- some people (like my boss) are like old time sailors they can eat the same thing again and again. That drives me nuts. I know I need and like variety. So I actually have to plan ahead or I fall for the take-out/drive-thru/eat out thing too

- cookbooks can be overwhelming. Thick. Dense with small print. But look for one that fits your style. I needed ones with lots of color pictures and large text before I could even consider trying the recipe.

- dont overlook fresh fruit and raw vegetables as a midmorning snack since you dread a light breakfast? I certainly dont have time to make pancakes and sausage and fried eggs on a weekday. (My examples) - baby carrots, cherry tomatoes, sugar snap peas, a banana, raw almonds, an apple - these all travel very easy, and you dont have to cook them, and you can even eat them with one hand and no silverware. Part of what *makes* you want to eat out, is you regret/resent cleaning up?
Reply With Quote Quick reply to this message
 
Old 05-23-2014, 07:29 AM
 
Location: In a house
13,258 posts, read 34,623,814 times
Reputation: 20198
Get:
a rotisserie chicken from the deli/hot department of your supermarket. Around 2.5 pounds: $7
a tub of garlic-mashed potatoes from the deli department. $5.
a bag of Steamers (or store brand) broccoli or mixed veggies from the frozen food aisle. $2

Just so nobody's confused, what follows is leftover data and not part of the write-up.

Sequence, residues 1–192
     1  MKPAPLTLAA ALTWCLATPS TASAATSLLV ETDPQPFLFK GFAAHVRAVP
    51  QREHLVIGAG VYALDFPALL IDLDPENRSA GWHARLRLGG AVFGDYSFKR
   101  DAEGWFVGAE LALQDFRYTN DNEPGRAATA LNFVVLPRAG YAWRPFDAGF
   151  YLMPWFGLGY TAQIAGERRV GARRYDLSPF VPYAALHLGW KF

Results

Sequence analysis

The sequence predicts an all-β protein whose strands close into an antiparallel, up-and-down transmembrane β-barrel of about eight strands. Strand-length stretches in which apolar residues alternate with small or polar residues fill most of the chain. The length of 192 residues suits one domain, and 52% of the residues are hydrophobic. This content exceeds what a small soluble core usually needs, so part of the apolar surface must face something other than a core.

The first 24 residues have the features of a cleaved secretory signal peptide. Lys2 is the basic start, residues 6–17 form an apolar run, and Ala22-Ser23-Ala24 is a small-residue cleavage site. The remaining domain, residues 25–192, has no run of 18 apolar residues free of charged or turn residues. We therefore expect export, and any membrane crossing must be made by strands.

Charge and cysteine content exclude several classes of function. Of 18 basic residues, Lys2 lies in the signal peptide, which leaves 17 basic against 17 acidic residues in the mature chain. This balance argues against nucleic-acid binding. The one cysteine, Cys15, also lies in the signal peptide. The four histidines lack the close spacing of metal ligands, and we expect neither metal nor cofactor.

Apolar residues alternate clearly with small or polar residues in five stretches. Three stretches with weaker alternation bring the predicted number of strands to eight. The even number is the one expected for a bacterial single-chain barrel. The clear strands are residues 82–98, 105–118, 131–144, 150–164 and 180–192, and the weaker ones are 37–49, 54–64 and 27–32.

a bag of pre-washed, pre-dried, pre-cut salad mix. Spring mix is better for you than iceburg, romaine if they don't have the spring mix. This might cost as much as $5
a garlic bulb - 40 cents.
a dozen eggs. $4.00 for the extra fancy organic cage free grain fed blah blah, $1.79 for the mundane normal large dozen.
small bottle of olive oil - $4
small bottle of balsamic vinegar - $3
small block of cheese - whatever kind you like in your eggs and on your salad - sharp cheddar's a good staple. $3.00

Shouldn't cost more than $40 for everything above, if you get it on sale, it could be as little as $25.

Using ONLY this stuff - you can have, every single day:

Some manner of eggs every morning, 1 egg or 2, boiled, poached, over easy, scrambled, omelet, with or without cheese.

Some incarnation of that chicken every evening for dinner - some examples:

Chicken with mashed potatoes and steamed veggies. - no gravy necessary but go ahead and pick up one of those silly jars of gravy for $2, you're still eating cheap. Two tablespoons is all you need per dinner.